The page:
As he did in 1974, Ravenel is relying heavily on his friends from his days at Harvard and on Wall Street to provide him with campaign dollars. Jaws author Peter Benchley, an old college chum, is a generous contributor. So are West Virginia Governor Jay Rockefeller, former Treasury Secretary C. Douglas Dillon, Allied Chemical Corporation executive Alexander Trowbridge, Philip Morris vice-president W. W. McDowell, Jr. and magazine publisher Warren D. Manshel. A host of New York investment bankers have donated money to the campaign of their former colleague. In South Carolina, youngish professionals and businessmen, mostly fairly moderate in their politics, have shelled out contributions. They include J. Donald Dial, a Columbia attorney who has made it big in real estate; Samuel J. Tenenbaum, a steel company executive; and Macon G. Patton, a Greenville corporation official. But most businessmen in the state are conspicuously absent from Ravenel’s campaign contributors’ list. The reason? Ravenel stood alone among major politicians in the state in support of the labor reform bill — legislation that most South Carolina businessmen opposed vociferously in the belief that it would help unionize the South. Organized labor has made important contributions to the Ravenel campaign, but that is offset by the paucity of overall business donations.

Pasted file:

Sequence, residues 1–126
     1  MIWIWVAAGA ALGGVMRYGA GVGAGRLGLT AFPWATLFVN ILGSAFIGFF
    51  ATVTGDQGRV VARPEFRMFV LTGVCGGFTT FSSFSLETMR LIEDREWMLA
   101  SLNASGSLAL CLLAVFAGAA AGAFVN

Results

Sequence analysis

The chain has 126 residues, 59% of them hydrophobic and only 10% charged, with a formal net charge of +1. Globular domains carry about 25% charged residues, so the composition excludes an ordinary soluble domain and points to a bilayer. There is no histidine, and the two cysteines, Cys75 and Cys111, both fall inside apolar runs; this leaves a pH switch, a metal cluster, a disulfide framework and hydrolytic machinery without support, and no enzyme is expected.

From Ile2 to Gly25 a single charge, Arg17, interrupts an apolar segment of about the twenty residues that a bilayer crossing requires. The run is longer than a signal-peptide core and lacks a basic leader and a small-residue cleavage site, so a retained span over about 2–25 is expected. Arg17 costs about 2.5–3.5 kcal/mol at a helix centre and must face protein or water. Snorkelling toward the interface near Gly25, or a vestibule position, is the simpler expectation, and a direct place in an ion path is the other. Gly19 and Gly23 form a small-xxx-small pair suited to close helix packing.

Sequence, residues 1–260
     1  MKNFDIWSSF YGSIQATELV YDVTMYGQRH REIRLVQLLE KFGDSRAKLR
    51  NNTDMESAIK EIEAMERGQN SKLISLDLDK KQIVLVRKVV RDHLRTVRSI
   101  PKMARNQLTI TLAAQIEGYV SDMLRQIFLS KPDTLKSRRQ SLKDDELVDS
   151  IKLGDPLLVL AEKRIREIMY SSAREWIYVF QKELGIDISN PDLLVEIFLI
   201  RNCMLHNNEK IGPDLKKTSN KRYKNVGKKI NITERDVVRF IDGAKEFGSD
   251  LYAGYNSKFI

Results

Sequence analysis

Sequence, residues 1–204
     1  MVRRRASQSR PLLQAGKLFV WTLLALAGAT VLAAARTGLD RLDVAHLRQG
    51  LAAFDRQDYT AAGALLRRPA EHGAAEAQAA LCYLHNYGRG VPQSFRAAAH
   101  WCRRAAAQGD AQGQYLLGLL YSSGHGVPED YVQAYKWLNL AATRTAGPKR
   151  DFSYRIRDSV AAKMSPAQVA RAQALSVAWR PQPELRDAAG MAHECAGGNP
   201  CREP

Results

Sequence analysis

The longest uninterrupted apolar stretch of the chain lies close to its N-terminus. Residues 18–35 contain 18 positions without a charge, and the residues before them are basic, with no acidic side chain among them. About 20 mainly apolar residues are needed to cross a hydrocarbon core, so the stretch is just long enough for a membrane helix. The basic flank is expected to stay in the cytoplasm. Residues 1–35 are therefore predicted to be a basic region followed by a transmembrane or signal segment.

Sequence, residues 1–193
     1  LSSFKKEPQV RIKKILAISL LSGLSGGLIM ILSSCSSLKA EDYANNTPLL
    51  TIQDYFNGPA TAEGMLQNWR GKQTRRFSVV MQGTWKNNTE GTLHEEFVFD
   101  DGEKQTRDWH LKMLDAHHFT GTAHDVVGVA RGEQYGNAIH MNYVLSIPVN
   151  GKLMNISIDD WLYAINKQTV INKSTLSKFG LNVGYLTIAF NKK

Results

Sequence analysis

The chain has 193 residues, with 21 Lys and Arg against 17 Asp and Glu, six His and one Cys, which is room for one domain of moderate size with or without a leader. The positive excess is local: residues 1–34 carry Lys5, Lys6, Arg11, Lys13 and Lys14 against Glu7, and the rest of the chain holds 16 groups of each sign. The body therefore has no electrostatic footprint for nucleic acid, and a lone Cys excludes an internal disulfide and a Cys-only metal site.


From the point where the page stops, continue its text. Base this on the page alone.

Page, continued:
Ravenel expects to be outspent more than two-to-one by Thurmond, who is expected to fill with ease a campaign chest of $1.5 to $2 million. Richard Viguerie, the direct-mail wizard of conservative causes, had raised nearly $250,000 for Thurmond by late spring. Other national conservative figures and groups have come forward with financial support, including Chicago insurance company president W. Clement Stone, Richard Nixon’s favorite donor; retired Nebraska Senator Roman Hruska; the National Rifle Association; and the Conservative Victory Fund. South Carolina textile executives, who appreciate Thurmond’s unyielding stand against the threat of labor unions, have coughed up thousands of dollars. They include Roger Milliken, a staunch Republican and owner of the third-largest textile firm in the world, Deering Milliken, Inc.; former Nixon Commerce Secretary, Frederick B. Dent, now an executive with Mayfair Mills in Arcadia, South Carolina; various members of the Chapman family, who own Inman Mills in Inman, South Carolina; and Robert S. Small, chairman of the board of Dan River Mills, Inc., of Greenville. The Good Government Committee of J. P. Stevens & Co., Inc., contributed $750. So did the Wellman Industries Good Government Fund, a political action committee of a large textile firm in Johnsonville, South Carolina.